In the following section, we discuss the various machining operations that can be performed on a conventional engine lathe. It must be borne in mind, however, that modern computerized numerically controlled lathes have more capabilities and can do other operations, such as contouring, for example. Following are conventional lathe operations.
Cylindrical turning. Cylindrical turning is the simplest and the most common of all lathe operations. A single full turn of the workpiece generates a circle whose center falls on the lathe axis; this motion is then reproduced numerous times as a result of the axial feed motion of the tool. The resulting machining marks are, therefore, a helix having a very small pitch, which is equal to the feed. Consequently, the machined surface is always cylindrical.
The axial feed is provided by the carriage or the compound rest, either manually or automatically, whereas the depth of cut is controlled by the cross slide. In roughing cuts, it is recommended that large depths of cuts (up to 0.25in. or 6mm, depending upon the workpiece material) and smaller feeds would be used. On the other hand, very fine feeds, smaller depths of cut (less than 0.05in, or 0.4mm), and high cutting speeds are preferred for finishing cuts.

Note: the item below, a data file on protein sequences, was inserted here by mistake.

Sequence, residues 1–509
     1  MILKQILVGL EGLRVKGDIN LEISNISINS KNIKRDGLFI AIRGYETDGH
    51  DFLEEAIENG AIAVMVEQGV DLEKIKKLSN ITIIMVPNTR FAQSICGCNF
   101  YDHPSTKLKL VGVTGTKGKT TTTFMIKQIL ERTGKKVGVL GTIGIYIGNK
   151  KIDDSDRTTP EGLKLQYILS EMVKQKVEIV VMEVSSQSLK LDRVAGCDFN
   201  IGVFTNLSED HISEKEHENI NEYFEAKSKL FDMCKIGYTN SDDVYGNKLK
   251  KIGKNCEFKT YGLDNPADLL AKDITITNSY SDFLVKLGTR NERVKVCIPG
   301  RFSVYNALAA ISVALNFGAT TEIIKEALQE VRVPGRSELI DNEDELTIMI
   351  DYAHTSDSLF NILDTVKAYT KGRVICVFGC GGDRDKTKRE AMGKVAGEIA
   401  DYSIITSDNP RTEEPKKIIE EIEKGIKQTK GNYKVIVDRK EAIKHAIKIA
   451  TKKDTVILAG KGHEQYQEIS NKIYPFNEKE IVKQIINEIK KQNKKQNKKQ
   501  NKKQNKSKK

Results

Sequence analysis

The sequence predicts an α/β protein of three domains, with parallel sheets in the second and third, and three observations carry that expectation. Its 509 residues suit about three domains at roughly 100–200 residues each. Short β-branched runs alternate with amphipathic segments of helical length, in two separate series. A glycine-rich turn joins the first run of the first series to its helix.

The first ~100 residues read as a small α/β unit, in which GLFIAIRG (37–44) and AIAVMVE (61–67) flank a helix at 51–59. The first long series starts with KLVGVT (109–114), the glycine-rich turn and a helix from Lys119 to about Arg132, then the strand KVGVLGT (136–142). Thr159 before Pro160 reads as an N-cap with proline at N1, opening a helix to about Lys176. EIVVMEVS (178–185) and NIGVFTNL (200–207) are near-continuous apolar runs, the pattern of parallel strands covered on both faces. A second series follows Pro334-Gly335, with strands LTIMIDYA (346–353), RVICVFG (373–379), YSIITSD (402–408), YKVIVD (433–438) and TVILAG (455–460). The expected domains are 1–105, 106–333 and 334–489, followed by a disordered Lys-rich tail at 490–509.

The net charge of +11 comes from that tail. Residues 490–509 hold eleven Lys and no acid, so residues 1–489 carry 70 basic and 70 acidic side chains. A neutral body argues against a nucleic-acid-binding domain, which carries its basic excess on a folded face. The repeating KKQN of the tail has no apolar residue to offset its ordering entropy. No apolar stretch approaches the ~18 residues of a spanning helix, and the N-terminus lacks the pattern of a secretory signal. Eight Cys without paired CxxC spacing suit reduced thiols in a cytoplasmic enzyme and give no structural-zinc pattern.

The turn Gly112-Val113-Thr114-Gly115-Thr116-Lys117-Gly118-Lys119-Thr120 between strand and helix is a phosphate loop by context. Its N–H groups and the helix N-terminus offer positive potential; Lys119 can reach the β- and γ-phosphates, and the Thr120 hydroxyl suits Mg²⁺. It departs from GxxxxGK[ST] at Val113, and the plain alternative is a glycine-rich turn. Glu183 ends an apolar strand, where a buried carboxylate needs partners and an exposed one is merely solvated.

Facing. The result of a facing operation is a flat surface that is either the whole end surface of the workpiece or an annular intermediate surface like a shoulder. During a facing operation, feed is provided by the cross slide, whereas the depth of cut is controlled by the carriage or compound rest. Facing can be carried out either from the periphery inward or from the center of the workpiece outward. It is obvious that the machining marks in both cases take the form of a spiral. Usually, it is preferred to clamp the carriage during a facing operation, since the cutting force tends to push the tool (and, of course, the whole carriage) away from the workpiece. In most facing operations, the workpiece is held in a chuck or on a face plate.